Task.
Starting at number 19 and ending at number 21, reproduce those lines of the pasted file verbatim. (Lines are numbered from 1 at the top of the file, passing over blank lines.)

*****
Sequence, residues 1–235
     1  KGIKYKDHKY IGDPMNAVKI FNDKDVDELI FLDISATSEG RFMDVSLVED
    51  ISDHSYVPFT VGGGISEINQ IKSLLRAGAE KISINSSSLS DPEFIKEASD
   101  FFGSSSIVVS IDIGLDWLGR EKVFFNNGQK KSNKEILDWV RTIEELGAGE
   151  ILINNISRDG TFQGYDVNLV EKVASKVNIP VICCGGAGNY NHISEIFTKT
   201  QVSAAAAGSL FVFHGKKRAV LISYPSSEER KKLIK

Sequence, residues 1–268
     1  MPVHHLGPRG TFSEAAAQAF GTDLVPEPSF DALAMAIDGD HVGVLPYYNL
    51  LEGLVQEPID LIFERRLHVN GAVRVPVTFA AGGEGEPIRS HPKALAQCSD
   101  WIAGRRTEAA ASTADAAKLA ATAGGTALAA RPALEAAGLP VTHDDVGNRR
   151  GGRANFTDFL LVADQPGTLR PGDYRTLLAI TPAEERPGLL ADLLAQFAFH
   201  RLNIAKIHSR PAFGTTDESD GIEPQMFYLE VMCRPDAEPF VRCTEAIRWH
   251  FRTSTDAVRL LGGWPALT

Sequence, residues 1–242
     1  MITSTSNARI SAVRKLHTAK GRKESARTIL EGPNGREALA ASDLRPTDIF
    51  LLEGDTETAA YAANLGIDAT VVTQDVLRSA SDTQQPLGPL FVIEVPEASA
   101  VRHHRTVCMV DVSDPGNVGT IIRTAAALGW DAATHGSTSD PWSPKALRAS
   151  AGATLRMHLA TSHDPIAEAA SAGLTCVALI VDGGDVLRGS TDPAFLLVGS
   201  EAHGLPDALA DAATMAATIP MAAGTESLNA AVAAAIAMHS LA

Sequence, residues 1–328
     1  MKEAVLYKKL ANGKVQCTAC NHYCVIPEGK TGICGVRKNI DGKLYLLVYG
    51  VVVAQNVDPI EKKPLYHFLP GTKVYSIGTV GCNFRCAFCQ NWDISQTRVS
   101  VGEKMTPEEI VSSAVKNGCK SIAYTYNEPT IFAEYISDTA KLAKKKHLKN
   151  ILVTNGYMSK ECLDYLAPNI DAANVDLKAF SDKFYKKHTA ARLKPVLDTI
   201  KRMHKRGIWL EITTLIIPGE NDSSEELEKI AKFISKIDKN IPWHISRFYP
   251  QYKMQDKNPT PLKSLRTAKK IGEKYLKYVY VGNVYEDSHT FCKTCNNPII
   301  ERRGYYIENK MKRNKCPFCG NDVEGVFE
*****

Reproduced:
   201  EAHGLPDALA DAATMAATIP MAAGTESLNA AVAAAIAMHS LA

Sequence, residues 1–328
     1  MKEAVLYKKL ANGKVQCTAC NHYCVIPEGK TGICGVRKNI DGKLYLLVYG